OCTOBER 2010 Border Economy
A Reprint from Tierra Grande
Rio Grande Valley
By Harold D. Hunt
During the last decade, China pushed past the Mexican maquiladoras to
become the leader in supplying all manner of manufactured goods to the
United States. But skillful gamesmanship and a bit of luck may deal the Rio
Grande Valley a winning hand in the coming years. That bodes well for the
local economy and the region’s commercial real estate markets.
The China Syndrome
Mexican manufacturing plants located in the border
cities of Reynosa and Matamoros have been a driving
force in the Valley’s economy for more than three
decades. As the manufacturing base became established on the
Mexico side, the Valley increasingly benefited from the warehousing,
transportation and other service-related jobs supporting
the shipment of goods into U.S. markets.
Proximity has always been a major advantage for Mexican
maquiladoras. Their location near the U.S. border has facilitated
speedy, efficient delivery of finished products to American
Between 1995 and 2000, the North American Free Trade
Agreement helped triple the volume of products assembled
or manufactured in Mexican maquiladoras and exported to
the United States. But the maquiladora model was challenged
in 2001 when China became a member of the World Trade
The ensuing removal of U.S. trade barriers with China triggered
an exodus of many major U.S. companies from Mexico.
The thought was that cheaper Chinese labor could be profitably
substituted for Mexico’s superior proximity. The result
was fewer trade-related jobs in the Valley.
The dream of bigger profits did not always match the reality,
according to Dr. Barry Lawrence, professor of industrial
distribution at Texas A&M University. Lawrence asserts that
many firms did not consider the total cost of doing business in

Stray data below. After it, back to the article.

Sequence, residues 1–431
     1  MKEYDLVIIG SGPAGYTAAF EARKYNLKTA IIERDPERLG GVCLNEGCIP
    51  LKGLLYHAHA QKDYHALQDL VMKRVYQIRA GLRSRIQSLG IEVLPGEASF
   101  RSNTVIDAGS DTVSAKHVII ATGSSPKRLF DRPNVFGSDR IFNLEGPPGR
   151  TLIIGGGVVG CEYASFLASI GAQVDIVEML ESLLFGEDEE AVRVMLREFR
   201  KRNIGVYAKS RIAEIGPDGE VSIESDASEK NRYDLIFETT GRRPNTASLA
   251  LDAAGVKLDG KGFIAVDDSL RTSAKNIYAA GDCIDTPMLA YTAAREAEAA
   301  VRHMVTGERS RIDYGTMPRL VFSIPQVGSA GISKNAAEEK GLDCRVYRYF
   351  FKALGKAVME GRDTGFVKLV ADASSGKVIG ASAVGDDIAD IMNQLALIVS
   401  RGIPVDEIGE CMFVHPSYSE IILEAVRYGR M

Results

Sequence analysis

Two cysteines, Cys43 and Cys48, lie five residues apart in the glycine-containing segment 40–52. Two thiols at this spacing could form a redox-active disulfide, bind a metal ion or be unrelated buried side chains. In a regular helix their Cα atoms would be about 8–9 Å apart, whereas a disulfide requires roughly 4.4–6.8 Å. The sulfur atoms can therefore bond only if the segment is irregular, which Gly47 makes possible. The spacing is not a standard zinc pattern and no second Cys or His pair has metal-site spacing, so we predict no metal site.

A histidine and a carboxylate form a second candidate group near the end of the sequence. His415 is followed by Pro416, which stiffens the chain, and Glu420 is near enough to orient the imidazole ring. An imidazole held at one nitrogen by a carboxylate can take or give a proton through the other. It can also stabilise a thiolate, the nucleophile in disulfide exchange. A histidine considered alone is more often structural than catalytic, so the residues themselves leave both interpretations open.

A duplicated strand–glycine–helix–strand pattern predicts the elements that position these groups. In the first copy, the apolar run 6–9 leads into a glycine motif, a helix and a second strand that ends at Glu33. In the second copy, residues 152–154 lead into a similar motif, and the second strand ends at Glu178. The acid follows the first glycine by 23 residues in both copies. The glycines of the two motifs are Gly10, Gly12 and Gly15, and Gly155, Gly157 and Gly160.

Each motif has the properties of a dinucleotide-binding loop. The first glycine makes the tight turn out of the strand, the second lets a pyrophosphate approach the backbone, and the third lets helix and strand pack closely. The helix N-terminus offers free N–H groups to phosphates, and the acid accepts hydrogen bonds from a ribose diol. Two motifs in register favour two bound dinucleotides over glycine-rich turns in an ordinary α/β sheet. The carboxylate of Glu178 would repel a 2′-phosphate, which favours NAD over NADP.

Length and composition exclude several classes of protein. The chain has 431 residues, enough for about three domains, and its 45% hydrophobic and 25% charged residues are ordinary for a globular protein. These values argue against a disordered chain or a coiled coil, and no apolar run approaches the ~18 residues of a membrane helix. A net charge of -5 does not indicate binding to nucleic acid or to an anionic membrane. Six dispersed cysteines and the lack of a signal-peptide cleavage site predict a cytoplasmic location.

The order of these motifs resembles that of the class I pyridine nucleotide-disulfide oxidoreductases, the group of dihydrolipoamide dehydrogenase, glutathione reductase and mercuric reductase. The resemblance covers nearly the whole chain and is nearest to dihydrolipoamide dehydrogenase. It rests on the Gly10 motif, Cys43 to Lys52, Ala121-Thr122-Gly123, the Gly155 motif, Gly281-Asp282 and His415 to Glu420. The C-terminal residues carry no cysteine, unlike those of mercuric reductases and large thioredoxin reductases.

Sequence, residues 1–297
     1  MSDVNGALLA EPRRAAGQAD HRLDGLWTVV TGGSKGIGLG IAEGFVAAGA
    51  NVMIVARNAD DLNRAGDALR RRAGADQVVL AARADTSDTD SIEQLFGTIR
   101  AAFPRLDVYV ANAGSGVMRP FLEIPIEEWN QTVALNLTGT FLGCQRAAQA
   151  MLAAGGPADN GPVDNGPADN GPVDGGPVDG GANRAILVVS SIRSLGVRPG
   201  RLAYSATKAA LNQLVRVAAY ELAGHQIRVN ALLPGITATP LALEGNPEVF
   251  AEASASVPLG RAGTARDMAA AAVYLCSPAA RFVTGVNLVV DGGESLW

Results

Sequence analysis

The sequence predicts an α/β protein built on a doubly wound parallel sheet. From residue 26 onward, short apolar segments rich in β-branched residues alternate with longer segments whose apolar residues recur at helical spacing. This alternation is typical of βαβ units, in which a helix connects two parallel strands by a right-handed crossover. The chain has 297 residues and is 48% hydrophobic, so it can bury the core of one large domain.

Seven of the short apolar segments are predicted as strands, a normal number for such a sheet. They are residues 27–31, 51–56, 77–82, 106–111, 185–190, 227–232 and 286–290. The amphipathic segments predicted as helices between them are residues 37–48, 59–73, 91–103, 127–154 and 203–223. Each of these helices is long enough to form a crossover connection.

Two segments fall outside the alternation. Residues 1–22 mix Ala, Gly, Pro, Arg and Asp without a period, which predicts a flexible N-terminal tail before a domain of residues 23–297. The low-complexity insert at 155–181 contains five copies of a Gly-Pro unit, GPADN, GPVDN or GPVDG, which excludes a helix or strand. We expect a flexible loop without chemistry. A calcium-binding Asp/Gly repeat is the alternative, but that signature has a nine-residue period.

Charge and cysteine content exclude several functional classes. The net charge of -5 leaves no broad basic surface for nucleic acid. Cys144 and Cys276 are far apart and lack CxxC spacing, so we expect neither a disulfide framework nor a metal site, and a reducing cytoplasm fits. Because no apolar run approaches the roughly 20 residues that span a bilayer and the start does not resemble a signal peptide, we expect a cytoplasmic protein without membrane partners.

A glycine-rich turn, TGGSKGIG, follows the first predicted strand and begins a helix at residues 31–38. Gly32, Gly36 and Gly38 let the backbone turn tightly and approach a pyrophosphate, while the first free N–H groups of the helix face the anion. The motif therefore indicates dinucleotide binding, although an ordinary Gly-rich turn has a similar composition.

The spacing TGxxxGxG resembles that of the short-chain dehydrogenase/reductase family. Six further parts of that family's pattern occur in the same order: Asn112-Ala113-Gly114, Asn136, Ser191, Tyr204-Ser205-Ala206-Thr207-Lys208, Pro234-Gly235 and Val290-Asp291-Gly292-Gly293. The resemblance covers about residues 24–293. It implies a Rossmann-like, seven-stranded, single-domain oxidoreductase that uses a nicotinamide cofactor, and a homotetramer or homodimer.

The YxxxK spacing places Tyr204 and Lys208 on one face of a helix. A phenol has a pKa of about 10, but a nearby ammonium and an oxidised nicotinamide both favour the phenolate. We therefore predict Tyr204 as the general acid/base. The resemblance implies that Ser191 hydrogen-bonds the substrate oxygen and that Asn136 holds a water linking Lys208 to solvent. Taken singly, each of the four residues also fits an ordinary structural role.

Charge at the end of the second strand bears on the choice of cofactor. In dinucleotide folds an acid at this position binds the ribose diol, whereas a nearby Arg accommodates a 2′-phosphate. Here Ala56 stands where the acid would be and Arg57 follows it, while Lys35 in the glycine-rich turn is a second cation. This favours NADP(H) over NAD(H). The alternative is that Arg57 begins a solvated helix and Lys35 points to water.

China, instead focusing primarily on labor costs.
“Labor won, but for all the wrong reasons,” says Lawrence.
In the end, labor
often was not significantly
after factoring in
all cost components,
the cost to find
to train a Chinese
workforce, and significant
labor unrest has
become a serious
problem. Average wages in China have risen by more than 50
percent since 2005, up about 15 percent per year just since
2008. Whether or not China revalues its currency, labor demands
will continue to act as a de facto currency revaluation,
working against the country’s competitiveness for the foreseeable
Couple all of these concerns with unpredictable transportation
costs, the challenge of managing more complex and
variable inventory levels, frequent theft of intellectual property
rights, Chinese government bureaucracy and the cost to
shuttle executives to the plants, and the original maquiladora
model has renewed appeal.
In February 2010, AlixPartners Business Consultants analyzed
a variety of products and compared their manufacturing
costs in the United States with those in 12 lower-cost countries.
Results revealed that Mexico is the world’s lowest-cost
component manufacturer. KPMG’s recent report, Competitive
Alternative 2010, ranked Mexico as the world’s most costcompetitive
location among developed nations in all industry
Valley’s Response: Rio South Texas
As China’s allure has slipped, the Rio Grande Valley has
come up with a new plan for the future. Twenty-six
different interest groups and municipalities on both
sides of the U.S.-Mexico border have teamed up to market the
four southernmost counties and northeastern Mexico as one
region known as “Rio South Texas.”
The 90-mile-long by 60-mile-wide area (see map) is home
to about 3.5 million people on both sides of the border. By
the year 2040, that population is expected to double to seven